The second day we moved literally across the street to Nagomi-Ryokan Yuu which it turns out is owned by the same people as the first hostel. From there we traveled to the near by temple of Higashi-honganji which is one of the largest wood buildings in the world (number one is coming up in Nara). We relaxed inside for awhile to escape the incredible heat and soak in the peacefulness of the place. 

After the temple we relaxed and headed out to wander and ended up in Otani Mausoleum which is the same school of Buddhism as the first temple we visited. This is a massive and ancient burial site that is covered in over 15,000 tombs. We popped into a few shrines and temples along the way, but we had to turn back because it was getting dark…To the right is a close up of a typical alter in the cemetery.
The sun went down and we went out into the town to see what we could get into. We ate dinner at what turned out to be an OG hibachi place. My cousin had a scare when we thought the noodles had fish in them, but he didn't die or even get sick, so everything was fine. After that we wandered around a bit more and went to a few bars that weren't quite cutting. 
Everyone was getting restless so we just jumped into a bar down one of the many dark alleys of the bar district. I love traveling and I always have dreams or visions of what a country will be like before I get there. Usually these vision are a little too story book and cliche, but every once in a while these weird visions seem to come true. This was one of those times. Here we had stumbled into a tiny sake bar in a dark alley, hand written script on old brown paper covered the walls, cigarette smoke hung in the air from an overly lovey couple in the corner, and the Beatles album "Beatles for Sale" was playing on repeat in the background. As we ordered drinks and some strange omelet concoction I felt as if I had accomplished something great just by being there. This hole in the wall was my dream come true. Not in a hundred years could I have thought up a more perfect place. 

~A neat picture might fit nicely on an album cover but doesn't really belong here~
The next day we moved to Gion, the geisha district and the center of the historical district in Kyoto. Here we stayed at Gion Shinmonso which was quite beautiful and very nice in a rustic and retro kind of awesome way. 

We traveled around Kyoto and visited all the best known sites. It was so hot but beautiful to see all the old wooden buildings and neat back alley way that fill the area. 

We made our way up to Kiyomizu-dera which is probably the most famous temple in Kyoto. The view from the balcony is unbelievable and pictures aren't really going to do it justice. Up at the shrine above the temple we bought some good luck charms, got a fortune (mine was good, my brothers not so good) and successfully completed a walk between two rocks with our eyes closed, which means we'll find true love.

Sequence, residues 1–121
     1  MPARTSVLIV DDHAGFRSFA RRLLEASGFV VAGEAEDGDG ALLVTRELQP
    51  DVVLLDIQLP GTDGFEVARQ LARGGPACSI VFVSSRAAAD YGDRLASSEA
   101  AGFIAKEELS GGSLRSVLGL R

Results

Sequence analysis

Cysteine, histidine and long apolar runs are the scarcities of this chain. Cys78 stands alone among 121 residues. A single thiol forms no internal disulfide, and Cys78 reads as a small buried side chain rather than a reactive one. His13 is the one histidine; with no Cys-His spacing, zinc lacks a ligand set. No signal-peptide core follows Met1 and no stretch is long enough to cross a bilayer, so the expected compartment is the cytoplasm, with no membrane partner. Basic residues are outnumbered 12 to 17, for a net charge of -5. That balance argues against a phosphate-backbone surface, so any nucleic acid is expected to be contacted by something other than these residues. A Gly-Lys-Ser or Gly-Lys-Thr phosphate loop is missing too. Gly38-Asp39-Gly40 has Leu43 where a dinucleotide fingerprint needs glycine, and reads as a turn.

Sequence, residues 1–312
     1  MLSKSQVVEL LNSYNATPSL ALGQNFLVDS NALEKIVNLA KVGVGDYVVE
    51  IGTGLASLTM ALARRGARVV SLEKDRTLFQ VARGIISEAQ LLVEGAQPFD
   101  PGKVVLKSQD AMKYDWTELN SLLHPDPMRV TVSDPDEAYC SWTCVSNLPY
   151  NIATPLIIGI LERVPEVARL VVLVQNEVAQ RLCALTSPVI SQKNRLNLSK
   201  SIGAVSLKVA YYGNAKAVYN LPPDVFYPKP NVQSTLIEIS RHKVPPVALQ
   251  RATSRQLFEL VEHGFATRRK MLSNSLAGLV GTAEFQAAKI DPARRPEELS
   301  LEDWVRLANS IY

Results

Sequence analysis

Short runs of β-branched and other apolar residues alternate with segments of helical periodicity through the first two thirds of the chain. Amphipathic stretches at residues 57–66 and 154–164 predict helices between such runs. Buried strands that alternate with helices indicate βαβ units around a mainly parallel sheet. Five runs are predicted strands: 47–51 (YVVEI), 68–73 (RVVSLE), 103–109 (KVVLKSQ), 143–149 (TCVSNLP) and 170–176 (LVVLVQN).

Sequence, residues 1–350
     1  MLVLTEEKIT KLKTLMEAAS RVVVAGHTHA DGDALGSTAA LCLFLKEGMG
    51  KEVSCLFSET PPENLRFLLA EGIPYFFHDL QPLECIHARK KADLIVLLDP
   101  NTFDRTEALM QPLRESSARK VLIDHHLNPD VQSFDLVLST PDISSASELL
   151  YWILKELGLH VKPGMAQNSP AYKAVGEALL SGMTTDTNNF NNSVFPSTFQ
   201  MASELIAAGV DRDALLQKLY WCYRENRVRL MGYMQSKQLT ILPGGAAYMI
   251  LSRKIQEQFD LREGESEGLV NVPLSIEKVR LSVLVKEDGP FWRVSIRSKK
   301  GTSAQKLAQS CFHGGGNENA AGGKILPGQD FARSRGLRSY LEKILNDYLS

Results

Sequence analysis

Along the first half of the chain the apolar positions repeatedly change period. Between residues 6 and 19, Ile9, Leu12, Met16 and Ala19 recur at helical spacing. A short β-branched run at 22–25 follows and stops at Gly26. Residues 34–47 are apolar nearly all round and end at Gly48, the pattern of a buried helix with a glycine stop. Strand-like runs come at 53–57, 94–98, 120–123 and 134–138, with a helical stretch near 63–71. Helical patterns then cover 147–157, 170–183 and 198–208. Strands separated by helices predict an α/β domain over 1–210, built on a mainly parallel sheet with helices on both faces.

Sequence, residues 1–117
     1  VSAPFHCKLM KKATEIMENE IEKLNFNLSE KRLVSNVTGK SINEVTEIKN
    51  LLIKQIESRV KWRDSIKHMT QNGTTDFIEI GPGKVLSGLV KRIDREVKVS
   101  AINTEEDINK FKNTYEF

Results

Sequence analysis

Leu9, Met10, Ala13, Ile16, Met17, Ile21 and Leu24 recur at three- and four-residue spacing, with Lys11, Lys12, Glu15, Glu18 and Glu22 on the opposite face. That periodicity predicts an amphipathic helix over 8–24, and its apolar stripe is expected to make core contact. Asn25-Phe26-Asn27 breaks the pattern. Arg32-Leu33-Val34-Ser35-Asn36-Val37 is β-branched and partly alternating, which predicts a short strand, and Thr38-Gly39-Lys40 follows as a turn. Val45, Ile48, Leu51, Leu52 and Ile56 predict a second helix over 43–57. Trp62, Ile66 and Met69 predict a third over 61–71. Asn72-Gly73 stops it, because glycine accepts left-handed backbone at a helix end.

Not only that, we also drank from a really neat holy spring. We also filled up our water bottles for some holy water to go.

We headed back down from the mountain side temple. We were getting tired and lost and decided to call it in for the day…but on the way back...

We had a Game Panic!!! A gigantic five story arcade that was filled with claw machines, games, coin winning things, and anything else you could think of. It was the perfect place to get out of the heat and gawk at the the Japanese strangeness. 

We also wandered into a giant plachinco gambling parlor. I'll be talking about this more later…

That night we ate conveyer belt sushi and went home to relax. My cousin and I decided to go out a little bit more and dawdled around town for a bit. We couldn't seem a to find a place to hang. We got kicked out of a place or two and we were getting tired of being asked if we wanted a "ma-sa-gee". In a last ditch attempt at not going home defeated, we walked into a sake bar and sat down. We ordered sake and felt somewhat better, the midnight stroll not being a complete waste. The owner asked us if we wanted chicken, so we said yes just to be nice. We ordered a chicken leg. It wasn't very good, not quite cooked the whole way, and was gristly and hard to eat. He asked us if we wanted more sake, but we thought we better check how much it was before we ordered another cup. The sake was 400 (about 4.50 USD) and the chicken leg was 1,700 (about 20 USD)! That bastard got us good and no, we didn't want anymore sake. I forgot the cardinal rule of ordering when places where you can't read the menu: always get the price before you buy…

Phew…that was our Kyoto trip. Thanks for reading.


Yasak-no-to pagoda. Didn't quite make it into the story, but maybe my favorite place in Kyoto..

 Another view of the pagoda.

 A typical looking sinto shrine with the beautiful orange.